Examples Of Mary Maloney And Lamb To Slaughter

Decent Essays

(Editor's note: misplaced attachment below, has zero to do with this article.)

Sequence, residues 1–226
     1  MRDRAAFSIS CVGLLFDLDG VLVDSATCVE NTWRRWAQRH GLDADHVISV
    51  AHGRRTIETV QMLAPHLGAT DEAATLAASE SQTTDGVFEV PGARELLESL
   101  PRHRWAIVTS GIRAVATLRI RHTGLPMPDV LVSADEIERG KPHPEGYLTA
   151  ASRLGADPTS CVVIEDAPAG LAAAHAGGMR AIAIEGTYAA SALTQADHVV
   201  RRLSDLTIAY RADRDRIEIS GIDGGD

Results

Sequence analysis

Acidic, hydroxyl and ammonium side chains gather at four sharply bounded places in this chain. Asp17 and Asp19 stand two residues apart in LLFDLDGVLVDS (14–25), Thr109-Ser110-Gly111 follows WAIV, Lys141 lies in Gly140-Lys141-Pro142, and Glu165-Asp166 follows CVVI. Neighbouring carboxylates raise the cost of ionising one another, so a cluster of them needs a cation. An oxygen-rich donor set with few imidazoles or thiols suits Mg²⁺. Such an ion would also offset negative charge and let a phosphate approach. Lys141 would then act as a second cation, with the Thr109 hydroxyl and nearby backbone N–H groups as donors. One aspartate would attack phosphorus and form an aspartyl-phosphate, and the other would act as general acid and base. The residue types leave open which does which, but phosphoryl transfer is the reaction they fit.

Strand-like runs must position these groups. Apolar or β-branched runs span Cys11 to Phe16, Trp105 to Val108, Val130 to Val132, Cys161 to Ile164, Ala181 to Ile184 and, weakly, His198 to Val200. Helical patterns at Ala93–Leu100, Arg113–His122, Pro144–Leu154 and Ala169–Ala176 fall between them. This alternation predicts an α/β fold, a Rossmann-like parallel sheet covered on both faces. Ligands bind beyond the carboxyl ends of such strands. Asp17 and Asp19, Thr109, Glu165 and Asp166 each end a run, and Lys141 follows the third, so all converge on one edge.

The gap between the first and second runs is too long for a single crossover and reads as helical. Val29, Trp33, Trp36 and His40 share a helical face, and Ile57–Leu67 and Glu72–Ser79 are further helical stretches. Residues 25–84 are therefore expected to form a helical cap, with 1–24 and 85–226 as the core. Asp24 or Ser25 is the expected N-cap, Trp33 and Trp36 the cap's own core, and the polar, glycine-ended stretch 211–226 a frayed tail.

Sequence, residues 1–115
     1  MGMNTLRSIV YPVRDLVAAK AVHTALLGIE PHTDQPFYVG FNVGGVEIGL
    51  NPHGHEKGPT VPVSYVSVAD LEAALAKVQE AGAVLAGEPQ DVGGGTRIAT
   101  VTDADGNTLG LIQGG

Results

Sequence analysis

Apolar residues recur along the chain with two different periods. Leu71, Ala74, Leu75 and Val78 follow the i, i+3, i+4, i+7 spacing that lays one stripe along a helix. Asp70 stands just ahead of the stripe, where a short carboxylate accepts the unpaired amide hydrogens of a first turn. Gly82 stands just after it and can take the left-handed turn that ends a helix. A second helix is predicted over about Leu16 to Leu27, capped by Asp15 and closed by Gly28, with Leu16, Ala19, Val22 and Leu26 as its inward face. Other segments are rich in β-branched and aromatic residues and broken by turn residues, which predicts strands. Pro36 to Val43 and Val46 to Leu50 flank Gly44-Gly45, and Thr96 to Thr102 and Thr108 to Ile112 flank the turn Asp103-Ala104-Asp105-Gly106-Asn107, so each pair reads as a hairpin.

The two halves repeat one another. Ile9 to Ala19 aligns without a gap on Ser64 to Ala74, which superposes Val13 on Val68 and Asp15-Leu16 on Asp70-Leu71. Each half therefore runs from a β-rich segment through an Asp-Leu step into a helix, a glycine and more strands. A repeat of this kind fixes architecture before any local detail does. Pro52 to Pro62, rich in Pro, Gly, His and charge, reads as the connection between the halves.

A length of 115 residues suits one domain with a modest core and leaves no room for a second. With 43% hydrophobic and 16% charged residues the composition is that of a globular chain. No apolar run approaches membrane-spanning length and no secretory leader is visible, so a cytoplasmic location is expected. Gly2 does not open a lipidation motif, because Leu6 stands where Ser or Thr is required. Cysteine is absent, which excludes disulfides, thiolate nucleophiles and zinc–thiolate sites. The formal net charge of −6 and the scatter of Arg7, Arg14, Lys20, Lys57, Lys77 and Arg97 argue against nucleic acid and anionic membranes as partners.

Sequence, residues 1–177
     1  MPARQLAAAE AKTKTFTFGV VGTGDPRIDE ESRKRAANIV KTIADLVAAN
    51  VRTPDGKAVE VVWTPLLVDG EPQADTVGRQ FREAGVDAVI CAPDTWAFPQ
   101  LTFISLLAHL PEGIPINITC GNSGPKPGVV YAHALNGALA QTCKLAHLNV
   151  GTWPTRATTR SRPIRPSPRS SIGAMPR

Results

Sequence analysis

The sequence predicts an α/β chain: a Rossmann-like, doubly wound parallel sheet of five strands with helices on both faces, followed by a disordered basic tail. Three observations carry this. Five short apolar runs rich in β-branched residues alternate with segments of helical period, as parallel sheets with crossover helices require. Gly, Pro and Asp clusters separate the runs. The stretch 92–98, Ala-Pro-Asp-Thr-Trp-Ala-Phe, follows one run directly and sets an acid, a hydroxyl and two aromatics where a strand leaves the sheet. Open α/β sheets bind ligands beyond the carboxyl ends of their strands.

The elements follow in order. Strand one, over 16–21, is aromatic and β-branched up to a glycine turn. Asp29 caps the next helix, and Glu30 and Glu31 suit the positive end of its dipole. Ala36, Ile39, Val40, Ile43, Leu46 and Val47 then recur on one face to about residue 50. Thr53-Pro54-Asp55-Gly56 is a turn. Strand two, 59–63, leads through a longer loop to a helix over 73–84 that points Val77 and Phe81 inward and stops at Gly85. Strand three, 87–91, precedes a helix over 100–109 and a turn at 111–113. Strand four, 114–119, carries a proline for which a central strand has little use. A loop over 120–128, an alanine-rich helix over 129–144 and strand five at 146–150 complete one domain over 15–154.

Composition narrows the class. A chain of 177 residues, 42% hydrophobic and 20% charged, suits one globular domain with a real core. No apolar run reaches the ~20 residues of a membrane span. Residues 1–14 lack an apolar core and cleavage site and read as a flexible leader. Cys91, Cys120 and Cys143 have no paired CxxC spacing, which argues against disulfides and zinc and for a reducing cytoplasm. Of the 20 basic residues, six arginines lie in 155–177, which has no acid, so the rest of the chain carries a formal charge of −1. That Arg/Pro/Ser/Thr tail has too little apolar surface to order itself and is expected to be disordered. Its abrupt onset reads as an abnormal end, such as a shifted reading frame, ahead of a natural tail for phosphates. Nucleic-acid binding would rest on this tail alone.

Deceit is a poisonous character trait. Characters who possess this trait are untrustworthy. Roald Dahl craftily illustrates this in his short stories “Lamb to Slaughter” and “The Landlady”. “Lamb to Slaughter” is the story of Mary Maloney, a young pregnant woman struggling to cope with her husband’s betrayal; “The Landlady” tells the tale of a sneaky bed-and-breakfast owner who never lets her tenants leave. Therefore, Dahl’s incorporation of these characters within his short stories are the epitome of deceitfulness. Dahl’s protagonist in “Lamb to Slaughter”, Mary Maloney, displays her deceitful nature when her husband comes home from a long day of work. Mary kills Patrick with a frozen leg of lamb after he informs her that he wants a divorce. Immediately thereafter, she goes to the store to purchase vegetables. This is the beginning of her deceit. Mary clearly does not need vegetables. Her trek to the store is her way of creating an an alibi. This adds another layer to her deception. Here, she engages in a conversation with a seemingly familiar clerk, Sam. She informs him that Patrick “decided he’s tired and doesn’t want to eat out tonight” (Dahl 3). This gives Sam the impression that her husband is still alive when in all actuality, he is dead. She has added yet another layer to her level of deception. Mary’s deception has no limits. She eventually deceives herself into thinking she did not murder her husband. She convinces herself that she is “not expecting to find

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